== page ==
A streak of record-setting hot weather continues with temperatures expected to feel as warm as 40 C across southern New Brunswick.
"I think today is going to be the hottest day of all this warm late September weather," said CBC meteorologist Brennan Allen.
A level one heat alert has been issued by the New Brunswick Emergency Measures Organization for the Fredericton, Chipman, Oromocto and St. Stephen areas.
"When a heat alert … is issued, vulnerable persons may be affected," EMO said in a statement. "People living alone are especially vulnerable.
Allen advised people to take precautions if outdoors for a while.
"If you work outside, make sure you're wearing a hat today and you have your water bottle because you're going to need it," he warned.
"Go inside if you begin to feel dizzy — this humidex — once you get over 35 C it really enhances the risk of heart attack and stroke."
Temperature records tumble
Several high temperature records were set Monday across New Brunswick, according to Environment Canada.
Both Edmundston and Woodstock easily broke records that were set 97 years ago, in 1920.
In Edmundston, the temperature soared to 31.9 C on Monday, beating the record of 27.8 C, while Woodstock hit 30.6 C, which beat the record of 28.3 C.
A record was also set Monday in Fredericton, where the high of 30.2 C smashed the old record of 28.2 set in 2007.
Other high temperature records were set in Kouchibouguac, Saint John and Doaktown, and Allen expects more will be broken Tuesday.
"In Moncton the record high for today is 31 C going back 10 years, to 2007," Allen said. "In Bathurst it is 28.9 C going back to 1935 and Sussex is also 31 C going back to 2007 — these are all records I think that could fall today. That's how hot it's going to be."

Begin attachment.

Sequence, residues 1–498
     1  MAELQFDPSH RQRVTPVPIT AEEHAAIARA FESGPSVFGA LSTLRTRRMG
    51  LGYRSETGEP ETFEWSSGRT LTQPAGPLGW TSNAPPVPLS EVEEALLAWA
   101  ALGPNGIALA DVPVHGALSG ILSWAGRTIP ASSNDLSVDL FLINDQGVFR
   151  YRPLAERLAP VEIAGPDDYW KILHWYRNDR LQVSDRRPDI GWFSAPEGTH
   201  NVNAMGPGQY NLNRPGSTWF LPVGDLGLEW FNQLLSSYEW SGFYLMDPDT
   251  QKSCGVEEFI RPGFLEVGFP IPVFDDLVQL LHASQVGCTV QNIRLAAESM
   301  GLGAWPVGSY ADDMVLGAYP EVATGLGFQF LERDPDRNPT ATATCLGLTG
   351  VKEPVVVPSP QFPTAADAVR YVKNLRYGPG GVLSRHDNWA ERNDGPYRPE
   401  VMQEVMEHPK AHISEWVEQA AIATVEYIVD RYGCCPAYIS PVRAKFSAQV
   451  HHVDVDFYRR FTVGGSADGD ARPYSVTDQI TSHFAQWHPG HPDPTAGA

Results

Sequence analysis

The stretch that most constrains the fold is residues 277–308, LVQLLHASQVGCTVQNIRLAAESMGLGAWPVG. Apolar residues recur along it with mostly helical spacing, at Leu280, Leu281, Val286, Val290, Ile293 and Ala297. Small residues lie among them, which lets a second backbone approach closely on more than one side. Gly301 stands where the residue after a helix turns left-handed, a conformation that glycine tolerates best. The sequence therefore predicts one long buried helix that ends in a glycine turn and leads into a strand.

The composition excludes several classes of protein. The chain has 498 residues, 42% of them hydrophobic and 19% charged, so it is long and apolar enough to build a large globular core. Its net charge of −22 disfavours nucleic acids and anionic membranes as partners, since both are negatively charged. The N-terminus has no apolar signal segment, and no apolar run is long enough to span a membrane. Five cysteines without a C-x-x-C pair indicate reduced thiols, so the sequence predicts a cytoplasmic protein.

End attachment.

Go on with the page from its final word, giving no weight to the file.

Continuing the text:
Cooler weather on way
Allen said the warming overnight in northern New Brunswick was unusual and impressive, with humidex values Tuesday morning already approaching 30 C.
"Just to give you an idea of how much it warmed up without the sun even helping in Bathurst — at 11 o'clock last night it was only 14 degrees in Bathurst. By the time it got to 3 a.m., when I was getting up for work, it was 24 degrees.
"The temperature went up 10 degrees in four hours without the sun doing any of the work. Just a southwesterly wind."
High temperatures on Tuesday are expected to reach 28 C in northern New Brunswick and 33 C in the south, but with the humidity factored in the humidex value will reach the high 30s or even the low 40s.
For those looking for relief, Allen said, cooler air is expected to move in overnight with temperatures in the north dropping to 9 C.
"By Friday high temperatures are expected to range from the upper single digits in northern New Brunswick to the low teens in southern New Brunswick," he said.
"So a big change. If we just close our eyes today you can think you're in Florida and then when you open your eyes later on this week, you're like, 'Hey I'm back in New Brunswick and it's fall.'"